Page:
What is the symbolism here? a show of supremacy - the god of the Greeks is greater than the god of the Egyptians? or perhaps Sol is taking on the attributes of Serapis? Sol wearing the dress and making the gesture commonly associated with Serapis?
These coins interest me not only for their excellent preservation and artistry, but also for the time of issue, a turbulent period for the Roman Empire and the spread of Christianity. There was a lot going when these coins were minted. Yet another civil war was being waged for control of the Roman Empire - uneasy alliances formed and battles raged.
312 Maxentius and Maximinus II (Daia or Daza) join forces, driving together Licinius and Constantine.
Licinius marries Constantine's half-sister, Constantia to cement their partnership.
28 October 312, Constantine defeats Maxentius at the Battle of Milvian Bridge, after which Maxentius was found drowned. By popular assumption : before the battle of Milvian Bridge, Constantine has a vision that led to his acceptance of (perhaps conversion to) Christianity, either a cross or Chi Rho with a greek version of "in hoc signo vinces" (with this symbol, conquer).
February 313, Constantine & Licinius issued the "Edict of Milan" granting tolerance for Christians
30 April 313, Licinius defeated Maximinus (aka Daza, aka Daia) at the Battle of Tzirallum.
Maximinus flees and dies of illness in Tarsus.
from 313 on, Constantine and Licinius struggle between co-rule and battle for supremacy.
18 September 324, Licinius is defeated by Constantine in the Battle of Chrysopolis (in Bithynia near Chalcedon) and initially spared at the request of Constantia
circa 325 Licinius is hanged for conspiring against Constantine.
A detail from The Battle at the Milvian Bridge, 1666, an etching by Gérard Audran (1640-1703) after a painting by Charles Le Brun (1619–1690). The unfinished painting by Le Brun, was meant to prove he had surpassed the famous version designed by Raphael for the Vatican in the early 16th century. In the painting, Constantine charges across a bridge (today Ponte Milvio) toward Maxentius who falls into the Tiber. (image Public Domain via Wikimedia Commons)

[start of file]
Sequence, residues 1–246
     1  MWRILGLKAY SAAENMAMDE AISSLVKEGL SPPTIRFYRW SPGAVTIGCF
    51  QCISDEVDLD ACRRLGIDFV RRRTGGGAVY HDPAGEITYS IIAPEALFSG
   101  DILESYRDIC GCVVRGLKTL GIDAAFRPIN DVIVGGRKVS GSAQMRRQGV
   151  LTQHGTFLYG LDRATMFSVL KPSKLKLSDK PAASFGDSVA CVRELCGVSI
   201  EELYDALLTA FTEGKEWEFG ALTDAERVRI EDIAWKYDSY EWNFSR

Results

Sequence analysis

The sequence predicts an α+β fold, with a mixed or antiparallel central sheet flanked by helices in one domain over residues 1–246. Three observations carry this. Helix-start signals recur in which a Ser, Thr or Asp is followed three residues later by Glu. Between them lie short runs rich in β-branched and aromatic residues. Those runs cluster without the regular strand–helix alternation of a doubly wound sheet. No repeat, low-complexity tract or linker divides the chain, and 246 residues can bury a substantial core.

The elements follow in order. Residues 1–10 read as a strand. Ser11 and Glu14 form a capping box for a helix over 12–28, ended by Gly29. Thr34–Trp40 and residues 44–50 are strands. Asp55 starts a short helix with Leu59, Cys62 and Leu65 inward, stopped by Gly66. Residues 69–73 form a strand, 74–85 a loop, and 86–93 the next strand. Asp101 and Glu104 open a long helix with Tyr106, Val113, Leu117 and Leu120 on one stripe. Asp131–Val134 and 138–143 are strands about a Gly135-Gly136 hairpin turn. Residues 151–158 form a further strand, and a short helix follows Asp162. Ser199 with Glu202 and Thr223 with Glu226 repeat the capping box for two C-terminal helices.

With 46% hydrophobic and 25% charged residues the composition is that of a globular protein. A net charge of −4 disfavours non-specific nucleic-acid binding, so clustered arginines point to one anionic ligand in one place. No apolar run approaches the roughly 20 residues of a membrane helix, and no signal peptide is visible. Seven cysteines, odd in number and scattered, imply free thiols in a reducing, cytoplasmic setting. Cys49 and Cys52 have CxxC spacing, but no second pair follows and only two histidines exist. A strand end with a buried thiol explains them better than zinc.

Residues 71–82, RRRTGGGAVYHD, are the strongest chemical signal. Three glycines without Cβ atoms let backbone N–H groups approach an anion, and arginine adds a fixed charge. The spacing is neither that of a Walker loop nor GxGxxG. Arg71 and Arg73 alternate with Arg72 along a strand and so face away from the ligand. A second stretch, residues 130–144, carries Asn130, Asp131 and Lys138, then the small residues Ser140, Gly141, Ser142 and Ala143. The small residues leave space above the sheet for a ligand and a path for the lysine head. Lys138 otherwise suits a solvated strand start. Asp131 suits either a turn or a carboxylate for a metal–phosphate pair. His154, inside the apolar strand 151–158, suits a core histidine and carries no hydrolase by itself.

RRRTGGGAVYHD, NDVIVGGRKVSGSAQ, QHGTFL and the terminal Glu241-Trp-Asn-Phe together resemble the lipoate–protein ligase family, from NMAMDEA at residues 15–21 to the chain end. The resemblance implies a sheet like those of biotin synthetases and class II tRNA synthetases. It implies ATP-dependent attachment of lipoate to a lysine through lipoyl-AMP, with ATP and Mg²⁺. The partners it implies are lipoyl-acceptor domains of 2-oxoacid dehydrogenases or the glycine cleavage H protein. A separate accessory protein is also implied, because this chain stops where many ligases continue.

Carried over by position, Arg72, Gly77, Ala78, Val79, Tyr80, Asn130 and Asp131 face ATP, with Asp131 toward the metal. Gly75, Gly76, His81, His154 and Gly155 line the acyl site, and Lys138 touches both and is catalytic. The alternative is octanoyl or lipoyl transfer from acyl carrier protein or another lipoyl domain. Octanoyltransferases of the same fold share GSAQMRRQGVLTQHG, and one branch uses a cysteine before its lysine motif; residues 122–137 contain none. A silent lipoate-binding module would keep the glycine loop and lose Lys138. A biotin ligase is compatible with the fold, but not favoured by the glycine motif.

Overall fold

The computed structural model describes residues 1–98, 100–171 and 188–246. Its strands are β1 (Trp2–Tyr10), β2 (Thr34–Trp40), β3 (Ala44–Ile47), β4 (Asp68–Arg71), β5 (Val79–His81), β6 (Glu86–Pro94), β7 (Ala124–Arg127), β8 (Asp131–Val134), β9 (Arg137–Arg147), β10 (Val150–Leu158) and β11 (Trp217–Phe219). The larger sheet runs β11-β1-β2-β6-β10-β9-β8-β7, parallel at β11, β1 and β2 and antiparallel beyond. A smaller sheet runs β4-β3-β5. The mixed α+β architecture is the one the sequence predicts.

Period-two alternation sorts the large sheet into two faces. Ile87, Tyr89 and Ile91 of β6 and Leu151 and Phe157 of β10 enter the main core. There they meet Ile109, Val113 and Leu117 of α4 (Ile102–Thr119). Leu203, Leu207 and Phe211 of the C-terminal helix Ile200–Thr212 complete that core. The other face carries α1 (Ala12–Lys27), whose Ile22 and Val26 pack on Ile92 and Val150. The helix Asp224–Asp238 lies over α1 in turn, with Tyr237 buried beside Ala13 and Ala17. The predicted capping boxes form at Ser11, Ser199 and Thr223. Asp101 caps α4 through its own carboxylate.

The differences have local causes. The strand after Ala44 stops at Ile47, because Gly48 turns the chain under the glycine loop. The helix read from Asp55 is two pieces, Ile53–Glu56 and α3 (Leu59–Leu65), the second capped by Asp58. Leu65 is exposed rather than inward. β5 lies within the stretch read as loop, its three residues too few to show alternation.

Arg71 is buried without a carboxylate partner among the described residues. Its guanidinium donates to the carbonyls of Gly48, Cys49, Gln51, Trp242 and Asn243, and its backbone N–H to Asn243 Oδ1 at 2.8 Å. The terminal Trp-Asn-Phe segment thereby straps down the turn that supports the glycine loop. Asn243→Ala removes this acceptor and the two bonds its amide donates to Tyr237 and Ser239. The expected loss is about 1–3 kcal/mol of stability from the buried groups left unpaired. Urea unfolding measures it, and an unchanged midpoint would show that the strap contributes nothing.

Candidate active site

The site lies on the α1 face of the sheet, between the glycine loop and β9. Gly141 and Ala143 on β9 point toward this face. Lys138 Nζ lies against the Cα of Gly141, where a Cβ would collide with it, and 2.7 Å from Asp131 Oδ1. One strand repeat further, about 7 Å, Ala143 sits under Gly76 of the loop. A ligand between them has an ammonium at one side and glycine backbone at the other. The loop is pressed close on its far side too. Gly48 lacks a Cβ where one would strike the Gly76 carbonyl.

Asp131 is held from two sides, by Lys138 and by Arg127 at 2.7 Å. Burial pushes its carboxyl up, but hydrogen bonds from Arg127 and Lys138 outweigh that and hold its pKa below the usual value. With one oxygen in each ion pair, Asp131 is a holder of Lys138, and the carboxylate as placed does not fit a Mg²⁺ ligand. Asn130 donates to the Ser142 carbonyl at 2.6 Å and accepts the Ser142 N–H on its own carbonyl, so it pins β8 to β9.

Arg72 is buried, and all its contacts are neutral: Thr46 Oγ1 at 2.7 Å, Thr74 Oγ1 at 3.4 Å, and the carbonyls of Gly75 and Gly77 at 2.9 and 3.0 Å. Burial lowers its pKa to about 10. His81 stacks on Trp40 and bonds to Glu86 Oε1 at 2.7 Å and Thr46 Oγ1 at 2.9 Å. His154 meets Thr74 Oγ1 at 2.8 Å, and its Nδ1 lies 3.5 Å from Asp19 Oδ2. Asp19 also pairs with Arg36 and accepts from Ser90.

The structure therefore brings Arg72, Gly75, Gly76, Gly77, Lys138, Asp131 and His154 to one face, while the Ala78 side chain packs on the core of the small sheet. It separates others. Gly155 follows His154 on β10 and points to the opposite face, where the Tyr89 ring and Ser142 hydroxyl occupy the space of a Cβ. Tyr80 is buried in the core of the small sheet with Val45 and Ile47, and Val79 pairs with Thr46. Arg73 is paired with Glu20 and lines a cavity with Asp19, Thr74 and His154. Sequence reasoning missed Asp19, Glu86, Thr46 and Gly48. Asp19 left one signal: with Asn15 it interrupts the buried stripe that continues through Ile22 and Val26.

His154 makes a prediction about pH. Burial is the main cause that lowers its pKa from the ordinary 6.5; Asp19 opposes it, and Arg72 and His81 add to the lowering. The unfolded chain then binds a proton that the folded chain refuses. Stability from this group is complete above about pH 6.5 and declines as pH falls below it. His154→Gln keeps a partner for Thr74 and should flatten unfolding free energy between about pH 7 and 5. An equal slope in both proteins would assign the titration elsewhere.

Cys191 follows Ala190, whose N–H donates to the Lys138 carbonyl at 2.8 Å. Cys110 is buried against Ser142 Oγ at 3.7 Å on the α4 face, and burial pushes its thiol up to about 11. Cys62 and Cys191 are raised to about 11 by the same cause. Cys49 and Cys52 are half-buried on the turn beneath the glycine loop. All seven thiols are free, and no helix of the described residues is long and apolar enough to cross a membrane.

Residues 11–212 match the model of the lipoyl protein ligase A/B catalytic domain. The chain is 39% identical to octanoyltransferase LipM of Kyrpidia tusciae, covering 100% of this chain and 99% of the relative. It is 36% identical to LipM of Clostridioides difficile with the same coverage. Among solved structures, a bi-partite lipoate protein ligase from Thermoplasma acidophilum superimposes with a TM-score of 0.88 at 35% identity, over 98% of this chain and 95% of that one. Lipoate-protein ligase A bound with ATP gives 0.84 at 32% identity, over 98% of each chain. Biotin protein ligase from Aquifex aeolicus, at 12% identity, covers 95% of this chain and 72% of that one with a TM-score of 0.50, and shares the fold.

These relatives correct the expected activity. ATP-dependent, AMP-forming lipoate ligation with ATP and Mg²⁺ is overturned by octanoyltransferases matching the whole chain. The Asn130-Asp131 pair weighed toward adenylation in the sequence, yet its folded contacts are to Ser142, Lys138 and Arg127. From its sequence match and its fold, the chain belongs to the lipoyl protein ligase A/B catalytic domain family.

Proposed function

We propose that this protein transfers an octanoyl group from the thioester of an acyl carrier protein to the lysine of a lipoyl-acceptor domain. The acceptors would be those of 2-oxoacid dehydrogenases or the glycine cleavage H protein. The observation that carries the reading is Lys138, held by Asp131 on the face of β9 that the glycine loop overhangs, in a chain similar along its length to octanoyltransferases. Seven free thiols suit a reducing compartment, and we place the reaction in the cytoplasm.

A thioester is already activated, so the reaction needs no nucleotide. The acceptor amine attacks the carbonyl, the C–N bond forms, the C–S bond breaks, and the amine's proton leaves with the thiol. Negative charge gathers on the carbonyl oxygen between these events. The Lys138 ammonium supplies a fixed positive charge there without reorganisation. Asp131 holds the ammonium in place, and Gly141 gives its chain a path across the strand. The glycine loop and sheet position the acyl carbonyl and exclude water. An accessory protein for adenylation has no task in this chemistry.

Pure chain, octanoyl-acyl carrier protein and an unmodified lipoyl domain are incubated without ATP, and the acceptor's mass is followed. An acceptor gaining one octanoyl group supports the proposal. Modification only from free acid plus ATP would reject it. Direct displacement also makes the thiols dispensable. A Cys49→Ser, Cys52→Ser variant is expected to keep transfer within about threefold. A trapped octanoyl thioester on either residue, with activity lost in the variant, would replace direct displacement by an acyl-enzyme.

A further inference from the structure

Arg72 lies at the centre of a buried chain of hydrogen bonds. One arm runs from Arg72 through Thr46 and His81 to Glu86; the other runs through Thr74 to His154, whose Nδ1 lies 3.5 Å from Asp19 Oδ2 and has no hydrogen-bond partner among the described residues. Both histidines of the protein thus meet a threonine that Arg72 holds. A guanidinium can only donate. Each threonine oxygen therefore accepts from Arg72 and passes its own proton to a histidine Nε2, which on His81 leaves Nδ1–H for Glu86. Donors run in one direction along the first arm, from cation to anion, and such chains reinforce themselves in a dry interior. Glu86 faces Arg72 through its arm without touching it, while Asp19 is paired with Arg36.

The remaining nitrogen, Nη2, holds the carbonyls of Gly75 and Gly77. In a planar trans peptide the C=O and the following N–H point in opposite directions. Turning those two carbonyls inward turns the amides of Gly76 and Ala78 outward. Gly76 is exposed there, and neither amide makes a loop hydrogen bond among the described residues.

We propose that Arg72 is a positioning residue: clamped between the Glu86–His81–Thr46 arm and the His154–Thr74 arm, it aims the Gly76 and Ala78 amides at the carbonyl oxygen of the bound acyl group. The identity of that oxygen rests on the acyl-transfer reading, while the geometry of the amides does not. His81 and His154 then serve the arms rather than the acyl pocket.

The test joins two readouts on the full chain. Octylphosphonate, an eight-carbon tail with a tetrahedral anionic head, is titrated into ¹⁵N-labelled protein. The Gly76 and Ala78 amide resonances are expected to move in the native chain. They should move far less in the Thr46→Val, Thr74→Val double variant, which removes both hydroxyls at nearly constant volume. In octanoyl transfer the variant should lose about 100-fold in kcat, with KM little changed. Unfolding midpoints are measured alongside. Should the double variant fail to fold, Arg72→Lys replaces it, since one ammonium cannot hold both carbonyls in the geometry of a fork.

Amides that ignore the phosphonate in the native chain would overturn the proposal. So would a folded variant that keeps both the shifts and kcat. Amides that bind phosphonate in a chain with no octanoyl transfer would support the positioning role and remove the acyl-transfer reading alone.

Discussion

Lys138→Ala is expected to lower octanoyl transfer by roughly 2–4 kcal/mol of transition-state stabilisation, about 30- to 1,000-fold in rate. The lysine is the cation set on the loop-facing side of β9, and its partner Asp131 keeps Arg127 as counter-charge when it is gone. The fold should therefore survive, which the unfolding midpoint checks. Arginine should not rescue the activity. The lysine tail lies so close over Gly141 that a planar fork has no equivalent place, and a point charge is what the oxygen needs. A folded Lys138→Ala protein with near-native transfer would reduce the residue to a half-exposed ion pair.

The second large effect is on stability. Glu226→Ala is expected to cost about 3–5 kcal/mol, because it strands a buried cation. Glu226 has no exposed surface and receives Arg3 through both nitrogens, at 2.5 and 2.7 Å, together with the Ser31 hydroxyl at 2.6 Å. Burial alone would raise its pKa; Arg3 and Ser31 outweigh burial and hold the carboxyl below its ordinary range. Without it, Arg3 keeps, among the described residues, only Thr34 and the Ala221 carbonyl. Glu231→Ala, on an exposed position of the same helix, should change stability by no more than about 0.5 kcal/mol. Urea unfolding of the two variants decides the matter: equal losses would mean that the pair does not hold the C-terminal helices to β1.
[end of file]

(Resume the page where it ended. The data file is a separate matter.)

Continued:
This table shows who controlled what mints over the years.
Both the next two coins were struck in Heraclea in 313-314 by Licinius. The "GG" on these coins is fun with "AVGG" (plural of AVG) a clear reference to a time with multiple AVGVSTI (emperors). In trying to attribute I am torn between two options": RIC VI Heraclea 75 and RIC VII Heraclea 5.
Attribution Problems & Clues
Weight: This coin seems heavier that I should expect from the two entries at RIC Online (where average weights of 3.25 and 3.55 are reported for my two candidate coins)
Die Axis: The average die axis doesn't seems to help differentiate: 6 and 8 vs. my coin ~12h
Officinae: The officinae in use for each seems to suggest: RIC VI Heraclea 75 as a Γ (3rd) officina is not recorded (at least in RIC Online) for RIC VII Heraclea 5.
Legend Spacing: perhaps the legend spacing on the reverse ( CONSER-VATORI ) which points to RIC VI Heraclea 75 vs. (CONS-ERVATORI) for Heraclea 5
Auction Examples: A search in ACSearch for "heraclea jupiter Γ" finds 50 coins most of which are for Licinius, some for Diocletian and none for Constantine. and a Search for "heraclea jupiter victory constantine" turns up 76 coins, none of which have the officina Γ. Also worth noting that Constantine is usually not bearded, but at this officina where they might have been accustomed to depicting bearded Licinius or Maxentius they give Constantine a beard too!
Constantine I the Great (307/10-337), Follis (3.65g, 22mm), Heraclea, struck 313-314
Obv: IMP C FL VAL CONSTANTINVS P F AVG, laureate head right
Rev: IOVI CONSERVATORI AVGG, Jupiter standing facing, head left, holding Victory on globe and sceptre; at feet to left, eagle, Γ in right field, and SMHT in exergue.
Ref: RIC VI Heraclea 75
Constantine I the Great (307/10-337), Follis (4.27g, 22mm), Heraclea, struck 313-314
Obv: IMP C FL VAL CONSTANTINVS P F AVG, laureate head right
Rev: IOVI CONSERVATORI AVGG, Jupiter, nude, chlamys draped across left shoulder, standing left, holding Victory on globe in right hand and leaning on sceptre with left hand; to left, eagle holding wreath, ∈ in right field, and SMHT in exergue.
Ref: RIC VI Heraclea 75
References, in addition to those linked inline above
Nurpetlian, Jack. “Brockage Coins.” The Numismatic Chronicle (1966-), vol. 178, 2018, pp. 225–45.
Mackay, Christopher S. “Lactantius and the Succession to Diocletian.” Classical Philology, vol. 94, no. 2, 1999, pp. 198–209.
Mitchell, Stephen. “Maximinus and the Christians in A.D. 312: A New Latin Inscription.” The Journal of Roman Studies, vol. 78, 1988, pp. 105–24.
DiMaio, Michael, et al. “‘Ambiguitas Constantiniana: The Caeleste Signum Dei of Constantine the Great." Byzantion, vol. 58, no. 2, 1988, pp. 333–60.